2016:       £148,000 – Alzheimer’s Society Junior Fellowship (PI): Fellowship awarded to support a research project investigating the neurocognitive basis of severe forgetting in Alzheimer’s disease.

    2016:       £2,000 – Alzheimer’s Research UK Scotland Network (PI): Grant awarded to support a project examining the suitability of immersive virtual reality as a tool for cognitive assessment and intervention in Alzheimer’s disease.

     

    Representative research conference presentations and invited talks (2016-present)

    Craig, M. Developing a new test to identify consolidation-related memory markers of normal ageing and Alzheimer’s Disease. Alzheimer’s Association International Conference (AAIC), Los Angeles, California (USA), July 2019.

    Craig M. Are memory problems in Alzheimer’s disease linked to a fault in the reactivation of new memories? Heriot-Watt University Dementia Research Showcase 2018, Edinburgh (UK), Nov 2018.

    Craig M., Parra, M., Escudero, J., Dewar, M. Are memory problems in Alzheimer’s disease linked to a fault in the reactivation of new memories? Alzheimer’s Society Conference 2018, London (UK), May 2018.

    Craig, M. & Dewar, M. Rest-related consolidation protects the fine detail of new memories, International Learning & Memory conference 2018, Huntington Beach, California (USA), April 2018.

    Craig M., Parra, M., Escudero, J., Dewar, M., Examining the mechanisms of severe forgetting in Alzheimer’s disease, EU-Latin American early career researcher meeting, Edinburgh (UK), October 2017.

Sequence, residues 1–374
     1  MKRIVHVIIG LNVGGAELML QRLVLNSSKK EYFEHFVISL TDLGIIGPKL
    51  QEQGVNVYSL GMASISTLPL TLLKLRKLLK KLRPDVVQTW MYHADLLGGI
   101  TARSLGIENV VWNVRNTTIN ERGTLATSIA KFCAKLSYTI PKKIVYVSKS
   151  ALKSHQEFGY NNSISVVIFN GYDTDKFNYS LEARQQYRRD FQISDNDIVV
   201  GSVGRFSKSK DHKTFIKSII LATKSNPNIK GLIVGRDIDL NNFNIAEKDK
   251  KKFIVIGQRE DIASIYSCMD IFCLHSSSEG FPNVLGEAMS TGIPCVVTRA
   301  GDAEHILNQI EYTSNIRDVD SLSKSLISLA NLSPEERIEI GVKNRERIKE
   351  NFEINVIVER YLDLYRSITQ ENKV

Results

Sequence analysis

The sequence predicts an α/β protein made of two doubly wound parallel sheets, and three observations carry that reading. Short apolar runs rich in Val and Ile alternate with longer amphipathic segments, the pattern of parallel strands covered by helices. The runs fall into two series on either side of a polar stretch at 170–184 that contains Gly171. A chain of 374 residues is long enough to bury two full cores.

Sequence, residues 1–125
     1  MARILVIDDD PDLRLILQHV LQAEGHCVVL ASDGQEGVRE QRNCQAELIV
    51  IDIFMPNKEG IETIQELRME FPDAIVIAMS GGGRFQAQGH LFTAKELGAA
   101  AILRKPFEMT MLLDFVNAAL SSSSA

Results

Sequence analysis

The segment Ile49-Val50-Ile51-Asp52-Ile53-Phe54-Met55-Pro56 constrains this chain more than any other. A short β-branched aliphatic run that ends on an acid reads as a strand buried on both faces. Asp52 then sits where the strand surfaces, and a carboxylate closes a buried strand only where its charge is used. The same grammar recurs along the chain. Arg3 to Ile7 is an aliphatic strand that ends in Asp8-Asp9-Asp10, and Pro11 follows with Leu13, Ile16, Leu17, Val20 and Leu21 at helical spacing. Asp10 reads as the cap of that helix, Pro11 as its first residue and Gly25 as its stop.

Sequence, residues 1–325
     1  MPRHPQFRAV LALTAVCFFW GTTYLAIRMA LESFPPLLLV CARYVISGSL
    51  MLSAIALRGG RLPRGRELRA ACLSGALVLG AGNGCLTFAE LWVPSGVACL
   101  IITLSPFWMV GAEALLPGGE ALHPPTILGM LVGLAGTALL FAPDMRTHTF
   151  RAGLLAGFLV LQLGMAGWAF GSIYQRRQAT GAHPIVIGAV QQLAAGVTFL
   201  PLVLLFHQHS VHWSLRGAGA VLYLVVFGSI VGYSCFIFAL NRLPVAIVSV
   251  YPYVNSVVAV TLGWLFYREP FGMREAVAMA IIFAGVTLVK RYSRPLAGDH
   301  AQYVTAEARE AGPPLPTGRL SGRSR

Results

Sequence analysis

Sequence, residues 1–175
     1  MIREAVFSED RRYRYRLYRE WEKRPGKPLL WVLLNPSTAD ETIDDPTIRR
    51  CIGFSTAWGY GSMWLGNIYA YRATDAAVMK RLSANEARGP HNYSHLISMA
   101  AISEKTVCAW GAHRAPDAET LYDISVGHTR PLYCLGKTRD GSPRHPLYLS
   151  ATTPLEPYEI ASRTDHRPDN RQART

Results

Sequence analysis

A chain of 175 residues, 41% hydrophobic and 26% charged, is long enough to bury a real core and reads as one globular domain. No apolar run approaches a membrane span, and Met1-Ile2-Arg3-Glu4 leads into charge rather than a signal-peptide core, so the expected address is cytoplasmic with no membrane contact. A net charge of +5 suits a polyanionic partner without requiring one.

Craig, M., Wolbers, T., Dewar, M., BPS Cognitive Section Awake quiescence enhances spatial memory of a virtual reality town, British Psychological Society Cognitive section meeting 2017, Newcastle upon Tyne (UK), September 2017.

    Craig, M., Wolbers, T., Harris, M., Hauff, P., Della Sala, S., Dewar, M., Post-navigation rest supports the consolidation and integration of spatial memories into accurate cognitive maps in young and older adults, Interdisciplinary Symposium on Spatial Cognition in Aging & Neurodegeneration 2016, Magdeburg (Germany), November 2016.

    Craig, M., Wolbers, T., Harris, M., Hauff, P., Della Sala, S., Dewar, M., Post-navigation rest results in accurate cognitive maps in young and older adults, International Conference on Memory 2016, Budapest (Hungary), July 2016.

     

    M.Craig

    M.Craig[at]hw.ac.uk


    Edinburgh Campus
    Room 2.07
    Lord Balerno Building
    +44 (0) 131 451 8009